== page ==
- Miles Davis Thats What Happened Live In Germany 1987Charles Mingus Epitaph
Two groundbreaking innovators of jazz have just seen the posthumous release of live performances of some of their most controversial work. Each has its merits and showcases the wildly divergent paths the two legends took later in life.
By 1987, Miles Davis was floating in a different orbit. After years of extracurricular pharmaceutical activity, having kicked habits on and off, his onstage behavior was odd at best. He had become known for facing upstage and turning his back on the audience, although that tactic is somewhat stifled in this performance by the in the round venue. His music had traveled through wild developments in fusion into a melding of elctronica and new wave, and this performance features lots of synthesizers and funky, if not monotonous bass. Davis trumpet playing resigns itself to a muted, tinny sound, and occasionally he plunks out a few notes on a synthesizer, as well. The selections are an odd mix of rambling improvs locked into one seemingly never-ending groove, as well as covers of pop hits, such as Michael Jacksons Human Nature and Cyndi Laupers Time After Time. In short, we jump back and forth between strident excess and sparse, light arrangements of familiar songs. Much of what is heard here lays the groundwork for the upcoming onslaught of smooth jazz that would unfortunately sweep the music industry. While such music might not be your cup of tea, watching the mind of Davis at work is always fascinating, especially in a performance that comes toward the end of his storied life. Speaking of this bizarre mind, its on full display in a wild bonus interview, where he discusses his visual art and insists a German gallery display his works on the floor, not on walls. Although the music here is a far cry from the genius of Kind of Blue or the bold derring-do of Bitches Brew, its still Miles Davis at the helm, and the interview certainly proves that the man was one-of-a-kind.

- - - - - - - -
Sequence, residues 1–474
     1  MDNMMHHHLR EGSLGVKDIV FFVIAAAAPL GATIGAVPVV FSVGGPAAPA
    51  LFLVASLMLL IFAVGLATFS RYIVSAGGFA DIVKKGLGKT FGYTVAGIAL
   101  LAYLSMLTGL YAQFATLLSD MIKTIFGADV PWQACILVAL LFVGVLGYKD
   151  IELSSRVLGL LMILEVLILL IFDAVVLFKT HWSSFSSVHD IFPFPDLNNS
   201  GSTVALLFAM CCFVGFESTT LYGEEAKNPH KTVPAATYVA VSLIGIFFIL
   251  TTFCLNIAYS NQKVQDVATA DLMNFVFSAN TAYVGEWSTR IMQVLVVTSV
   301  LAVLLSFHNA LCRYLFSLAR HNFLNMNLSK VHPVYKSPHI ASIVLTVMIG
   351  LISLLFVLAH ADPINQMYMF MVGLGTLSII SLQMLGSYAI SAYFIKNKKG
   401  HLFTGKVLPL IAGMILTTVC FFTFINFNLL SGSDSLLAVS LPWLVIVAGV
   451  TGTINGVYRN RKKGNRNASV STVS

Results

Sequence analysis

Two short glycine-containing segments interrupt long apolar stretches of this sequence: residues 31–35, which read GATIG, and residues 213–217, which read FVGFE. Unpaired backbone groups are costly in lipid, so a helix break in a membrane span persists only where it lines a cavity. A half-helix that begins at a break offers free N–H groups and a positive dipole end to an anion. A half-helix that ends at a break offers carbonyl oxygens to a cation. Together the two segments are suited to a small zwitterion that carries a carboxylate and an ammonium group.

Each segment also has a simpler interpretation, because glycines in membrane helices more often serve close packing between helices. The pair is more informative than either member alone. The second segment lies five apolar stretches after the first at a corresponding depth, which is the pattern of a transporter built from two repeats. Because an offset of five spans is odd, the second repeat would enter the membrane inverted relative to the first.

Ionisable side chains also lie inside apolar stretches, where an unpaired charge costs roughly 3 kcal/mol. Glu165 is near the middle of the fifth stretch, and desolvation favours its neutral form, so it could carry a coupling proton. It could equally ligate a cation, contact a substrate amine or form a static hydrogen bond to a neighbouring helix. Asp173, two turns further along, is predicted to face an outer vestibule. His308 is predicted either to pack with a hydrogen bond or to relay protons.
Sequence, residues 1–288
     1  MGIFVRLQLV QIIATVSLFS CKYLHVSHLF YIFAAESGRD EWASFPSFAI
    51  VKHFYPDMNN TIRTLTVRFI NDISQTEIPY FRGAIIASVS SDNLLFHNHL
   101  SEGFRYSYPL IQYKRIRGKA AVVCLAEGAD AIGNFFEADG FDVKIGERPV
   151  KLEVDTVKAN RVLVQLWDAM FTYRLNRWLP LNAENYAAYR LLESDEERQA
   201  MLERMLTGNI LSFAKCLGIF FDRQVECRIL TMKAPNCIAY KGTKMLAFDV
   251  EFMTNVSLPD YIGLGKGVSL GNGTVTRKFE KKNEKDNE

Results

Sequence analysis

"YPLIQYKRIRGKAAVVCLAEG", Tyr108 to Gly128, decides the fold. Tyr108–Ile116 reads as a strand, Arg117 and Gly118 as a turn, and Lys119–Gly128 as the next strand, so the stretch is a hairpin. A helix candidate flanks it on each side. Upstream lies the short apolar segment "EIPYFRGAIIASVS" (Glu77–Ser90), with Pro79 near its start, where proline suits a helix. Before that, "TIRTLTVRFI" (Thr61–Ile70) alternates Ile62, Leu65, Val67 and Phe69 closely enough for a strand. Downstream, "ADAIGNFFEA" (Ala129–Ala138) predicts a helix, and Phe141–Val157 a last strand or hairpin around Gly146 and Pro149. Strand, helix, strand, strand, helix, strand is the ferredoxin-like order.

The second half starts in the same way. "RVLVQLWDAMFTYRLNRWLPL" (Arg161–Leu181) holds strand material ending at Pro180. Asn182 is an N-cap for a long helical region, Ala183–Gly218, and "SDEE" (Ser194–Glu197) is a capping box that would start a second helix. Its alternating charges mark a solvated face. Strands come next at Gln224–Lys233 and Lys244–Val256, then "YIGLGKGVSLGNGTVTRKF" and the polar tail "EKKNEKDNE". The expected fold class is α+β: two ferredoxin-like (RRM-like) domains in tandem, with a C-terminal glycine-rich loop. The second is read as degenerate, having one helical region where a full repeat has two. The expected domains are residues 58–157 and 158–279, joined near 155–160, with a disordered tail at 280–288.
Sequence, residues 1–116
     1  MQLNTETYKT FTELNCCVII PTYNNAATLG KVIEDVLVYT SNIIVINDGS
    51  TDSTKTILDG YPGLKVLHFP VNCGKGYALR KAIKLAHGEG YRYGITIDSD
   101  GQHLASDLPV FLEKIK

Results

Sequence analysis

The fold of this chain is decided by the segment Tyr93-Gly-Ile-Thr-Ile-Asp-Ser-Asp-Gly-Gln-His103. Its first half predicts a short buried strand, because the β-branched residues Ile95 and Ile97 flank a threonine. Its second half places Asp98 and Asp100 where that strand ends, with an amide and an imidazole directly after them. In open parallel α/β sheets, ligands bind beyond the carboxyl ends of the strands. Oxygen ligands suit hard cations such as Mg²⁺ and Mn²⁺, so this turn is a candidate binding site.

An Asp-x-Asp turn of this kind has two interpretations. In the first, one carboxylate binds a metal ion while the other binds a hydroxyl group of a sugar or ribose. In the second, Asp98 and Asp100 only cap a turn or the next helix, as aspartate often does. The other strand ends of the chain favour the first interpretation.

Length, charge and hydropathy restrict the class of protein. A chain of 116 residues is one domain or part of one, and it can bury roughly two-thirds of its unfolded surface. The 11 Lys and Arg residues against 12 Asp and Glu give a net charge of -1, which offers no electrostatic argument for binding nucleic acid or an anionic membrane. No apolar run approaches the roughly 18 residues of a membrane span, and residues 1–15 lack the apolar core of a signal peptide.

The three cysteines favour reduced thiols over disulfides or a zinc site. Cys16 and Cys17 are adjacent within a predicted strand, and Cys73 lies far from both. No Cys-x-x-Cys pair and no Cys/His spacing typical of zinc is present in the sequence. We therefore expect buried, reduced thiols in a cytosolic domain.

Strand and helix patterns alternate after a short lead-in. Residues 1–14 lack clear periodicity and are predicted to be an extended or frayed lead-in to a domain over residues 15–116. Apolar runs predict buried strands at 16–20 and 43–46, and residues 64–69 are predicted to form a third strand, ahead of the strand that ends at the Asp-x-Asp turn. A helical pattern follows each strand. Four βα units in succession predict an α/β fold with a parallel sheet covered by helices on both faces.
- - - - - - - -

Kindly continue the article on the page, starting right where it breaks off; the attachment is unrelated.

Bassist and composer Charles Mingus was no fan of playing by the rules, and as one might imagine, his railing against the norms of the business often found him painting himself into a corner. He had no qualms about pushing the limits with his compositions, but producers had plenty of qualms about committing the funds needed to record some of these sprawling works. For obvious reasons, he knew Epitaph would never be recorded or performed in his lifetime; hence the prescient title he chose for this work, which, at over two hours in length, stands as the longest composition for the largest jazz orchestra ever assembled. IN In 1989, ten years after Mingus death, a collection of musicologists painstakingly restored and copied the work, and it finally received its debut at New Yorks Alice Tully Hall with an all-star assemblage of musicians, including trumpeters Randy Brecker and an up-and-coming Wynton Marsalis. The work itself is massive and engrossing with several movements that stylistically shift between swing, blues, mambo, and controlled chaos bordering on fusion, laced with occasional clever allusions to well known songs. However, once we hit the free verse spoken word and handclapping segment known as Freedom, the entire piece begins to step up a notch in cohesion and gravitas while members of the orchestra hum and sing a spiritual melody. As soon as Mingus major composition, Better Get Hit in Your Soul appears, the performance really vaults to a new level. With specific instruction for a small handful of musicians to come forward and jam on this classic chart, the orchestra follows the composers direction and blows the roof off the joint, leading to a rollicking and tremendously satisfying finish of what must be described as a truly epic work. While there are a handful of wrong notes and missed claps here and there, the orchestras performance is largely spectacular, giving Epitaph the fitting send-off that Mingus richly deserved.